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British High Commissioner Announces Clark Collection/Creative New Zealand Scholar

Contributor:
Fuseworks Media
Fuseworks Media
From left, Errol Clark, Justine Olsen and George Fergusson
From left, Errol Clark, Justine Olsen and George Fergusson

His Excellency George Fergusson, British High Commissioner, has named Justine Olsen as The Clark Collection/Creative New Zealand Scholar for 2010.

At a function for the NZ-UK Link Foundation, His Excellency said that he was delighted to announce the 2010 Scholar as the Scholarship supports the sharing of cultural links and expertise between our two countries.

The Clark Collection/Creative NZ Scholarship is the generous gift of Mr Errol Clark, a New Zealand financier, art connoisseur and heritage advocate.

His support of The Clark Collection/Creative NZ Scholarship provides an opportunity for New Zealand professionals in the built heritage and decorative arts field to expand their knowledge through attending the prestigious Attingham Trust Summer School in England.

The Scholarship also offers the recipients a number of short internships with organisations such as English Heritage, The National Trust, the Victoria & Albert Museum and The Royal Collection.

Creative New Zealand provides significant additional support for the Scholarship, and return air travel to the UK is funded by the NZ-UK Link Foundation and British Airways.

The Scholarship is facilitated and administered by Museums Aotearoa. This collaborative partnership makes such a comprehensive study programme possible.

The Attingham Trust Summer School is an intensive programme for the study of historic country houses and their collections, based in three different centres throughout the United Kingdom.

The School offers a unique opportunity for participants to become acquainted with the history, architecture, contents and context of historic buildings and their gardens and estates.

It examines how they are managed and explores contemporary challenges for display, access, conservation and interpretation.

Attingham is regarded as the leading study opportunity of its type anywhere in the world. Each year, 48 people from around the world participate in the School.

Around thirty country houses are visited and renowned tutors lead discussions on heritage, conservation, interpretation and the decorative arts. For details of the Attingham Summer School see www.attinghamtrust.org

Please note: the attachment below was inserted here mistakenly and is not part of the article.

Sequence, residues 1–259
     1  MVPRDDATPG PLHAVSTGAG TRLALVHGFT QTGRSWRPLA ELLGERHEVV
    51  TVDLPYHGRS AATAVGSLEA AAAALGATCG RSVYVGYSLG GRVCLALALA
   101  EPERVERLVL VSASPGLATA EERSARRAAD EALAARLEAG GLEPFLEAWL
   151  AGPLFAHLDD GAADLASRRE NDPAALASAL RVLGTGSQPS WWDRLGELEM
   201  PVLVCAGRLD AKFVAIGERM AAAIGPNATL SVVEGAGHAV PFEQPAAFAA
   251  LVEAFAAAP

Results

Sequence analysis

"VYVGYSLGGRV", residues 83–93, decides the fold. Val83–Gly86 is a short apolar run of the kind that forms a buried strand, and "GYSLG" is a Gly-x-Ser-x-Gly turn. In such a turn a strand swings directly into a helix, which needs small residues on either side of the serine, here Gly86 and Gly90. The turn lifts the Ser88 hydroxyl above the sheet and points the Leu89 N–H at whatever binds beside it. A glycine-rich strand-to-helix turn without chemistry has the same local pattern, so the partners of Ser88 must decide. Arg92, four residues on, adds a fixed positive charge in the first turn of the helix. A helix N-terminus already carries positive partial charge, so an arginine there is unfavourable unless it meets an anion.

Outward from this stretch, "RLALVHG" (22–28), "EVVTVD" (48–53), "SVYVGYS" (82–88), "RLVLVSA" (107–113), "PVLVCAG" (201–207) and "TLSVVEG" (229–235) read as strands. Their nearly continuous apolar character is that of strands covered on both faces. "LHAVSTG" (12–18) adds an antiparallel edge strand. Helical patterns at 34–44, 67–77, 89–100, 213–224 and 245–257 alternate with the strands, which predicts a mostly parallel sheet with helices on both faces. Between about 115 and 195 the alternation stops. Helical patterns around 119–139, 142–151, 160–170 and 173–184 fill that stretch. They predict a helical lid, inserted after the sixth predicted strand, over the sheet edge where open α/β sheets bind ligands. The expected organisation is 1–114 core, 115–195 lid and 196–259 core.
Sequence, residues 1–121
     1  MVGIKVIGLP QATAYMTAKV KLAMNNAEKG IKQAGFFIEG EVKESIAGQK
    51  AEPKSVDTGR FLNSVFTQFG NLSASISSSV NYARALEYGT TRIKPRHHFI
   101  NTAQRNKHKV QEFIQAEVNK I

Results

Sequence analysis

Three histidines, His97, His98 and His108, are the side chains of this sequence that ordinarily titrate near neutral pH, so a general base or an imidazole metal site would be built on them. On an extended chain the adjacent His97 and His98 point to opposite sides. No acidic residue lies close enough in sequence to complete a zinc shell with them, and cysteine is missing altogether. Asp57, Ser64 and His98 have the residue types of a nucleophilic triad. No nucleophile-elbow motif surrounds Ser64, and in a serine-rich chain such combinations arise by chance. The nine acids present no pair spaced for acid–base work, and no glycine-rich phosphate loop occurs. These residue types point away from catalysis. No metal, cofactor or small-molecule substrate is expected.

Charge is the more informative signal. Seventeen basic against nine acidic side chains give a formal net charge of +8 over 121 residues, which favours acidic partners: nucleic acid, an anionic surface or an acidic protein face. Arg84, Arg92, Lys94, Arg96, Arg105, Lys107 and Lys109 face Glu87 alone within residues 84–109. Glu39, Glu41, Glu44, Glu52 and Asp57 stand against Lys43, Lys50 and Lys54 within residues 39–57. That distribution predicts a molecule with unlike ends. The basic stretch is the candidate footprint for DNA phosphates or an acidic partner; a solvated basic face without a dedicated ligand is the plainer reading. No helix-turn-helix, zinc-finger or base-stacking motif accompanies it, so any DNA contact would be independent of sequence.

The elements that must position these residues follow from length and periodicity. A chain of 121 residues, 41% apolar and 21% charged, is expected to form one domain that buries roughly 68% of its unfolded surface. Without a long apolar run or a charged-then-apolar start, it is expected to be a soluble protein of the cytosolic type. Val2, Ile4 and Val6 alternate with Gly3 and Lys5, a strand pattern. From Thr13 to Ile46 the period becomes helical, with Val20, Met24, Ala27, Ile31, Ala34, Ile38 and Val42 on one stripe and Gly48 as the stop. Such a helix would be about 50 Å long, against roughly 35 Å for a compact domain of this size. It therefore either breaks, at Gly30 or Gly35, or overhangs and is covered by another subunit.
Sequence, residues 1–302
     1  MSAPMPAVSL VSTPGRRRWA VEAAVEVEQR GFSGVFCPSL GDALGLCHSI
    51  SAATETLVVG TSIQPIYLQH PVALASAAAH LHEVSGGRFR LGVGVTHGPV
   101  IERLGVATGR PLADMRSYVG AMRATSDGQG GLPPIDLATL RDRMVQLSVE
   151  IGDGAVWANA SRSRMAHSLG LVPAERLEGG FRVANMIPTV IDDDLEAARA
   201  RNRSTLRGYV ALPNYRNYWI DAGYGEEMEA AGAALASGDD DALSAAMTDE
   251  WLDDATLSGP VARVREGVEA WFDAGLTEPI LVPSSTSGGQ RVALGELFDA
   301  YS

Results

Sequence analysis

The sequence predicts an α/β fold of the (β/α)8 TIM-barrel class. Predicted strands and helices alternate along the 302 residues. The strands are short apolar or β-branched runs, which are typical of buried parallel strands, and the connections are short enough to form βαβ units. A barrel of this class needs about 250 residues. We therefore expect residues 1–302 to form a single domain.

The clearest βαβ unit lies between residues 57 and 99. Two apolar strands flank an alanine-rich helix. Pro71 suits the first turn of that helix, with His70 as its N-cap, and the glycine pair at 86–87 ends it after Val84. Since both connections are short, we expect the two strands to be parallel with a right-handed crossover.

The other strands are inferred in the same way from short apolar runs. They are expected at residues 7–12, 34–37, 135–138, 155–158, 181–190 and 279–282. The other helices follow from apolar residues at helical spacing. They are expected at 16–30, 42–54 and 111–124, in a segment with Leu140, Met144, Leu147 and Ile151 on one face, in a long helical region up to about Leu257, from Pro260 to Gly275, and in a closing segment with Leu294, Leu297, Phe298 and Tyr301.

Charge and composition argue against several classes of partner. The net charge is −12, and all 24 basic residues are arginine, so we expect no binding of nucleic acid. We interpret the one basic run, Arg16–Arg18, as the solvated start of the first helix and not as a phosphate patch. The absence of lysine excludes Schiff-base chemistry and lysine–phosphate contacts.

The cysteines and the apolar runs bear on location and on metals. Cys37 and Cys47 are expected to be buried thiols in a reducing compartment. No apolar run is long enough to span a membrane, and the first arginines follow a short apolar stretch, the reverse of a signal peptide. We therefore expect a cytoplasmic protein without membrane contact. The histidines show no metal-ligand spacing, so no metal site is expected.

Justine Olsen is Curator, Decorative Art (Contemporary), at Te Papa, where she is responsible for collection and exhibition development in her field. Her previous positions include decorative arts curator at Auckland Museum, researcher for NZ Historic Places Trust, and art advisor for the Ministry of Foreign Affairs and Trade.

Justine is excited at the opportunities The Clark Collection/Creative NZ Scholarship will provide to develop greater knowledge of decorative arts collections in museums and historic buildings in Britain, and to examine new ways of interpreting and promoting decorative arts collections. 'I am particularly looking forward to deepening my understanding of the complexities of the buildings, interiors and their social contexts, and their implications for interpretation to the public. I want to develop ideas beyond those that I have already considered, for example thinking about new strategies for presenting Te Papa's decorative arts collections on the internet', she says.

With the support of Mr Clark, Creative New Zealand, the NZ-UK Link Foundation and Museums Aotearoa, this Scholarship is advancing the body of expertise on the decorative arts and built heritage in this country. Now in its eighth year, previous Scholars are building on their Attingham experience, and making significant contributions in their fields. Recent recipients are Claire Regnault (2007), Concept Development Manager at TheNewDowse, Priscilla Pitts (2008), General Manager Heritage Destinations at NZ Historic Places Trust, and Josephine Hughes (2009), Design Team Leader at Hawke's Bay Museum and Art Gallery. .

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